Would it be a career in advertising (‘Mad Men’, here I come) or a return to my pre-hippie roots in San Francisco or travel around the world on a tramp steamer as I had fantasized about for years. Somehow, Lake Nokomis brought all those wonderful thoughts, dreams, and wild ideas to the surface even in the last dying gasp of winter.
Like my old hippie haunt, Dinkytown, Lake Nokomis became my oceanic home away from home. I could look across the shore line and see Rincon Beach, Half Moon Bay, Huntington Beach, Sunset, Malibu or Laguna Beach. It was all there for the imagination.
A casual circumvention of the lake last summer brought back old memories displaced by today’s reality. The old unofficial high school beach is still there. The girls look the same except they seem younger now and show a lot more skin. The boys still act as if they are all by themselves playing Frisbee or soccer. But now when the boys take off their shirts there is more exposed ink than a platoon of Marines or a bevy of truck drivers.
It used to be young white kids fishing off the pier. Now it’s immigrant families hoping to hook an evening meal. I’m sure they were there back then but I never saw them. I noticed porta-potties in place of the bushes where we used to go. Couples still walk arm in arm like they’re in some three-legged race and oblivious to the world around them.
The couples pushing baby strollers around the lake are usually hipsters. He is in his press pants, white t-shirt and hat. She is sporting a flowered skirt or sarong. They’re pushing baby precious in their $800 stroller which is probably equipped with more accessories than my old Pinto. There are the obligatory latté cup holders, a pouch for all weather gear, IPhone holders, Wi-Fi and of course GPS.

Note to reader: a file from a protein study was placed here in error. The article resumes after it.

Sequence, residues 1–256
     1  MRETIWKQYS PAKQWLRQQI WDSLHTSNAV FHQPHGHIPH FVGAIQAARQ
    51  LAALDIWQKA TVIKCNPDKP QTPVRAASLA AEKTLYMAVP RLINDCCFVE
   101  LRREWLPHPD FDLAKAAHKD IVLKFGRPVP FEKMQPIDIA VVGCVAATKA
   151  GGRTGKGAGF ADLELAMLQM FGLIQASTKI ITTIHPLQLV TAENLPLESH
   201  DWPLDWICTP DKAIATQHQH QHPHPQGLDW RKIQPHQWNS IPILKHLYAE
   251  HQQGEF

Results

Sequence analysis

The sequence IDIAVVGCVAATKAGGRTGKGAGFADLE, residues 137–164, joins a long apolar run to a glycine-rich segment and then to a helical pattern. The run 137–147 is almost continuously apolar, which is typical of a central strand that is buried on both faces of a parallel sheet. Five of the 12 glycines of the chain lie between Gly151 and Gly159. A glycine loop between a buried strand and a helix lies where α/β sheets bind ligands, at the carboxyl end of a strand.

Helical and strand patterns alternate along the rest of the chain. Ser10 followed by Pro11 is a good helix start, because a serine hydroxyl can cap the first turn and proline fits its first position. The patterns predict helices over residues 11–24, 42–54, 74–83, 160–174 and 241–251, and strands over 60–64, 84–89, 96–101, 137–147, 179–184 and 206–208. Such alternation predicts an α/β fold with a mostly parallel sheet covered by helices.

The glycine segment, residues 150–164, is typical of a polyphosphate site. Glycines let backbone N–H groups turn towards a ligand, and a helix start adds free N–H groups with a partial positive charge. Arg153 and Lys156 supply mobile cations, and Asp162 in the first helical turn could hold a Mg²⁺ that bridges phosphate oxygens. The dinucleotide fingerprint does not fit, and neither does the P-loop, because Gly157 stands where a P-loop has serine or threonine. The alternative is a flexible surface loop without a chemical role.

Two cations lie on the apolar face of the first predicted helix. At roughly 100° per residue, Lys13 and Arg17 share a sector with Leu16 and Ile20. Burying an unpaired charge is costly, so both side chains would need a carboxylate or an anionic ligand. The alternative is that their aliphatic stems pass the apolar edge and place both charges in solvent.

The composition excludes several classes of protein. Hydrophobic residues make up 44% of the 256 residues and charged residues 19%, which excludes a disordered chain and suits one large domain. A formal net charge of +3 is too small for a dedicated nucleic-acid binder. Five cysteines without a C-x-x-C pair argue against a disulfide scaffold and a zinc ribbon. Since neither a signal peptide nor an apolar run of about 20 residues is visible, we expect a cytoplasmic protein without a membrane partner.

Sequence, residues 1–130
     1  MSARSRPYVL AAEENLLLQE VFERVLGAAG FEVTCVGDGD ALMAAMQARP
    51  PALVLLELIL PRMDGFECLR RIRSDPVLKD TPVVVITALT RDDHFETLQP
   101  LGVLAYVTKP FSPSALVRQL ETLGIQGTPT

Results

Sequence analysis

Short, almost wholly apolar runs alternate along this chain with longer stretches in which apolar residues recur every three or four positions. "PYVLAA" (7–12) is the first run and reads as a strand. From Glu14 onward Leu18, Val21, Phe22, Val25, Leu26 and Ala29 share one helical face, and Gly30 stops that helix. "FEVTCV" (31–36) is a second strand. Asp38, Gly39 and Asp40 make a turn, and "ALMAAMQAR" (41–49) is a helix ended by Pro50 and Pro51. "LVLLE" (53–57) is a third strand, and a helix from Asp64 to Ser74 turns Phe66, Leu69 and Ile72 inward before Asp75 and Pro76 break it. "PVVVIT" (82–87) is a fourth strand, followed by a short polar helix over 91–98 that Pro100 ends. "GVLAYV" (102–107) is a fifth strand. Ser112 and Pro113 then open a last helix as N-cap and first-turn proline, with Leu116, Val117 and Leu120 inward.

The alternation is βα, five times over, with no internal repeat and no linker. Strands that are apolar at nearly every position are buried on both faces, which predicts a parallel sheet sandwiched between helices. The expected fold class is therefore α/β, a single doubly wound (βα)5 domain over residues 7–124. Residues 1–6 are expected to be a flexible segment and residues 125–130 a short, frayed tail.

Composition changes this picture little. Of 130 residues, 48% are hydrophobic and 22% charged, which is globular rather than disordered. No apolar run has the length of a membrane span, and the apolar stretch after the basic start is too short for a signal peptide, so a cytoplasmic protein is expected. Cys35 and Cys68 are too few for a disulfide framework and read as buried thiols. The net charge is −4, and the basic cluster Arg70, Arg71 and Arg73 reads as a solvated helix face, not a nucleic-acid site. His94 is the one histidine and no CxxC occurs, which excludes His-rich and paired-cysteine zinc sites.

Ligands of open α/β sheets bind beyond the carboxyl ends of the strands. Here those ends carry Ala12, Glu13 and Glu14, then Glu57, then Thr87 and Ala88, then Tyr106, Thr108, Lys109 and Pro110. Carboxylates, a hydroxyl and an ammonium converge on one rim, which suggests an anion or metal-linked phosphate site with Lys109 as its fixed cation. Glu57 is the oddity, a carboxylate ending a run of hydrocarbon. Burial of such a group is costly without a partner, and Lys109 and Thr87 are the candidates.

In ‘66 the main beach was mainly for families and oldsters who would lie on the sand and soak up the sun. Now the main beach has a plethora of activities, refreshment stands and places to get a snack. You can rent paddle boards, canoes, kayaks, fishing boats, fishing equipment, sailboats and paddle-bikes. I guess Park and Rec. has to make a buck too.
I guess I hadn’t realized it at the time but Nokomis had become an icon for what I was seeking in my life. My summer of ’66 wasn’t quite “The Summer of 44” but it was nevertheless a pivotal point in my life. It was a summer of love and lust and confusion. Olive drab was replaced by Madras and blue jeans and the real world was slowly opening up to my young imagination. It came before that winter breakup, graduation and living in Europe. It came before my real world was augmented with loves found and lost, the sweet nectar of satisfying work, being a foreign correspondent on the West Bank and enjoying the ebbing foolishness of youth.
It came before I began work at Channel Two and met the nighttime receptionist there. A stunning blond who had focus and clarity and understanding. She’s been one heck of a friend for the last forty-seven years.
The lake is still a magnet for all kinds of people. They still come to play and rest and dream and enjoy the visceral appeal of what might be. It served that purpose for me. It brought excitement and comfort and finally closure to that part of my life.
A body of water can do that sometimes.